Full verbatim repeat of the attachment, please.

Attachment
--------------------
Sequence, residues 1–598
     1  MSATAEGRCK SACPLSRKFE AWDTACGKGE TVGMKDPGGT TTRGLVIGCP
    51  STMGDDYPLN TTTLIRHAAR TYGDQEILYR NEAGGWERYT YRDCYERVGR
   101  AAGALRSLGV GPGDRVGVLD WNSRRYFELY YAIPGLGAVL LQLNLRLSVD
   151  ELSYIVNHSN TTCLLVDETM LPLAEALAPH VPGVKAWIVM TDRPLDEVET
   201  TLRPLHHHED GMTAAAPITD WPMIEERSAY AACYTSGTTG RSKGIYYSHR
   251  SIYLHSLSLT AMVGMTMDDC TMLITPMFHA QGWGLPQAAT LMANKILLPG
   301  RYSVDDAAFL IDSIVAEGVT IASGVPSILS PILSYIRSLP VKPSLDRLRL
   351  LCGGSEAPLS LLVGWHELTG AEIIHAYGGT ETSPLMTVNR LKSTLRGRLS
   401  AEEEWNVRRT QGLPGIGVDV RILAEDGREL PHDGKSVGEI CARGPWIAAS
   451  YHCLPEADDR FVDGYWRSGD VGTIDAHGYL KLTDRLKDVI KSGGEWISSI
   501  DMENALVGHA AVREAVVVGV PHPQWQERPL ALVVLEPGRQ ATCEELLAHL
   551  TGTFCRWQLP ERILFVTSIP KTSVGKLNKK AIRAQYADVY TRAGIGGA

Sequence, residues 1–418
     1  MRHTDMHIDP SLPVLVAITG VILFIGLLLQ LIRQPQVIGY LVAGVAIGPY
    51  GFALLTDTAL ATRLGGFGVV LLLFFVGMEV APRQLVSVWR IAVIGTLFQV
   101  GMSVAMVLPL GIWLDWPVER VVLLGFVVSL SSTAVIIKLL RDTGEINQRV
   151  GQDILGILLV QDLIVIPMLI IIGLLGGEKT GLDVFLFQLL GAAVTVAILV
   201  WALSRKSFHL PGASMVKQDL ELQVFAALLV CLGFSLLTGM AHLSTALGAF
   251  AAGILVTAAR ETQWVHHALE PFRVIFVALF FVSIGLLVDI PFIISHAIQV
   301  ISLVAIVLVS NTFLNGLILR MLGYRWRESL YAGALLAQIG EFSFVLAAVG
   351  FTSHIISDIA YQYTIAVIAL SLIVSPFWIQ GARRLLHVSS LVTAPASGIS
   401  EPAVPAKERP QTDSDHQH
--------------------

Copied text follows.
Sequence, residues 1–598
     1  MSATAEGRCK SACPLSRKFE AWDTACGKGE TVGMKDPGGT TTRGLVIGCP
    51  STMGDDYPLN TTTLIRHAAR TYGDQEILYR NEAGGWERYT YRDCYERVGR
   101  AAGALRSLGV GPGDRVGVLD WNSRRYFELY YAIPGLGAVL LQLNLRLSVD
   151  ELSYIVNHSN TTCLLVDETM LPLAEALAPH VPGVKAWIVM TDRPLDEVET
   201  TLRPLHHHED GMTAAAPITD WPMIEERSAY AACYTSGTTG RSKGIYYSHR
   251  SIYLHSLSLT AMVGMTMDDC TMLITPMFHA QGWGLPQAAT LMANKILLPG
   301  RYSVDDAAFL IDSIVAEGVT IASGVPSILS PILSYIRSLP VKPSLDRLRL
   351  LCGGSEAPLS LLVGWHELTG AEIIHAYGGT ETSPLMTVNR LKSTLRGRLS
   401  AEEEWNVRRT QGLPGIGVDV RILAEDGREL PHDGKSVGEI CARGPWIAAS
   451  YHCLPEADDR FVDGYWRSGD VGTIDAHGYL KLTDRLKDVI KSGGEWISSI
   501  DMENALVGHA AVREAVVVGV PHPQWQERPL ALVVLEPGRQ ATCEELLAHL
   551  TGTFCRWQLP ERILFVTSIP KTSVGKLNKK AIRAQYADVY TRAGIGGA

Sequence, residues 1–418
     1  MRHTDMHIDP SLPVLVAITG VILFIGLLLQ LIRQPQVIGY LVAGVAIGPY
    51  GFALLTDTAL ATRLGGFGVV LLLFFVGMEV APRQLVSVWR IAVIGTLFQV
   101  GMSVAMVLPL GIWLDWPVER VVLLGFVVSL SSTAVIIKLL RDTGEINQRV
   151  GQDILGILLV QDLIVIPMLI IIGLLGGEKT GLDVFLFQLL GAAVTVAILV
   201  WALSRKSFHL PGASMVKQDL ELQVFAALLV CLGFSLLTGM AHLSTALGAF
   251  AAGILVTAAR ETQWVHHALE PFRVIFVALF FVSIGLLVDI PFIISHAIQV
   301  ISLVAIVLVS NTFLNGLILR MLGYRWRESL YAGALLAQIG EFSFVLAAVG
   351  FTSHIISDIA YQYTIAVIAL SLIVSPFWIQ GARRLLHVSS LVTAPASGIS
   401  EPAVPAKERP QTDSDHQH